Professor of philosophy at Trent University, Peterborough, Canada. email@example.com
Though my family suffered under the Nazis, I have for some years now felt increasingly uncomfortable with talk about ‘The Holocaust’. My dead relatives, I suspect, would not feel honoured by the association of their fates with some neo-Biblical shibboleth, nor would they welcome the sentimental pieties whose chief effect seems to be the extension of an almost inexhaustible line of moral credit to the most racist and vicious tendencies of Israeli nationalism.
This year, these vague feelings unease have turned to disgust as ‘Holocaust Remembrance Day’ became an exercise in ‘holocaust denial’. As Western leaders vowed to fight Serb atrocities and massacres in Kosovo, they ignored that proverbial first casualty of war, the truth. Just as the Western powers allied themselves with Stalin to fight Hitler, today they fight the Serbs, not only with bombs, but with a distortion of memory and history that matches Stalin’s best efforts.
This is not to deny the reality of Serb atrocities, but only to put them in their proper place. To do this requires three things: (i) a nodding acquaintance with contemporary reality; (ii) a glance at recent Western policies in the area; (iii) an honest look at the past.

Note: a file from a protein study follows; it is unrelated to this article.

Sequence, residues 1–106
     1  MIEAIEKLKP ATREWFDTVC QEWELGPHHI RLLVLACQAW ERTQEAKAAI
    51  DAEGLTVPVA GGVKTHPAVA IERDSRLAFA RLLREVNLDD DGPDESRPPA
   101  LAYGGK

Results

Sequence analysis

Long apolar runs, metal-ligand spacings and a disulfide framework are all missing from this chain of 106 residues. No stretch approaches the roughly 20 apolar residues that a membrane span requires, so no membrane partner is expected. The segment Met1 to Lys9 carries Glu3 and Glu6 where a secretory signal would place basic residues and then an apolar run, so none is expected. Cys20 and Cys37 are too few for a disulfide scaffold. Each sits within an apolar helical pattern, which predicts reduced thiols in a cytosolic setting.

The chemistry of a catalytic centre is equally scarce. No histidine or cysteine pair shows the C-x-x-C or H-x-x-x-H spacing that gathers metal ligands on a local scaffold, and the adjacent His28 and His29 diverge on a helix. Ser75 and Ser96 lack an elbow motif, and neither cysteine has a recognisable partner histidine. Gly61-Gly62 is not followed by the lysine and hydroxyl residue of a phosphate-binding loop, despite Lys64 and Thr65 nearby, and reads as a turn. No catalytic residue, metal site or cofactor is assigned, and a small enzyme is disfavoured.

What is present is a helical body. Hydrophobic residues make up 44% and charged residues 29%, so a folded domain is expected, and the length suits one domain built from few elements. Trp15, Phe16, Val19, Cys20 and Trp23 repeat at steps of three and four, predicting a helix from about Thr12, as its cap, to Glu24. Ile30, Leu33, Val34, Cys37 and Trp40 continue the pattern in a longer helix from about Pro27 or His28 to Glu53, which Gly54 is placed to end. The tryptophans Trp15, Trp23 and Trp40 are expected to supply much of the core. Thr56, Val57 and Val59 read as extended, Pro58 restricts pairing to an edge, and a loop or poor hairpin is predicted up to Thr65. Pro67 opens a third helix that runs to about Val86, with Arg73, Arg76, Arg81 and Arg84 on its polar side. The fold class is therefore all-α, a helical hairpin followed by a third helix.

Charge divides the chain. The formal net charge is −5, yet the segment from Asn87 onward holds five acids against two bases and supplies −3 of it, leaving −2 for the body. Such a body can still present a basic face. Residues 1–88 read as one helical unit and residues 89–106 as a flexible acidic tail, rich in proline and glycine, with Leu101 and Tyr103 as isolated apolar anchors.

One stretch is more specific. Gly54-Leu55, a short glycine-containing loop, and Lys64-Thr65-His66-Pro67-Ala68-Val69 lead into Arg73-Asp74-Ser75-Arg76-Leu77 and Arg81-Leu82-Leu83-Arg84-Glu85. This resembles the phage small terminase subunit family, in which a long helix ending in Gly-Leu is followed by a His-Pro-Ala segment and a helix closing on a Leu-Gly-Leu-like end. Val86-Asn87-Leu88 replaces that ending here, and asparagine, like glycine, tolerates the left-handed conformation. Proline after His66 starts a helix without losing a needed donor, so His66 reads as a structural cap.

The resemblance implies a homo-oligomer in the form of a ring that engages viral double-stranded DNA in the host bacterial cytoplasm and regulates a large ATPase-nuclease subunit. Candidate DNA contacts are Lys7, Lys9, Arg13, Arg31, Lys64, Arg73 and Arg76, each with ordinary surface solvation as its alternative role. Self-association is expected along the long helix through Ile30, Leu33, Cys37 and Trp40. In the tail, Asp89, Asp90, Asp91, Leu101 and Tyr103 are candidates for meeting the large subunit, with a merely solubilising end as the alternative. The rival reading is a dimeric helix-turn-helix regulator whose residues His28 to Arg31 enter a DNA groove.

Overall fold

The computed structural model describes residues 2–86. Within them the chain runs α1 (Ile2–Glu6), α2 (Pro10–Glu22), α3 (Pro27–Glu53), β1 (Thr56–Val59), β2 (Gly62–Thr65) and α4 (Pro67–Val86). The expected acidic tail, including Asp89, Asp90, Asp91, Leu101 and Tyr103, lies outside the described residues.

If we are merely to judge the Serbs, we can use any principles we like. But we are not just judging the Serbs. We are literally waging an unprovoked war of aggression against them: they did not attack us, we attacked them. We did this, apparently, to make a better world, and, if that is our purpose, we ought to take a look at how the world actually works today. We can then ask whether our actions are likely to bring a higher moral tone to human affairs.
What then, are the standards according to which the world operates – not the ones it professes, but the ones it actually enforces? Here is my understanding of the real ‘international norms’. They are worthy only of a barbarous species, but don’t shoot the messenger.
First, killing hundreds of innocent people in a war is normally regarded as regrettable but quite acceptable. The US did this in Iraq. The Russians did this in Chechnya. Everyone did this in Bosnia, and NATO will do this in Serbia. In all these cases, it was known with absolute certainty beforehand that innocent people would be killed. No mainstream commentators suggest that these are war crimes; they are quite correctly considered an inevitable aspect of modern warfare. So these deliberate and intentional acts of killing the innocent should be judged, not as outstanding atrocities, but as part of the known, ordinary, expected consequences of war. Their moral status depends on the moral status of the wars themselves.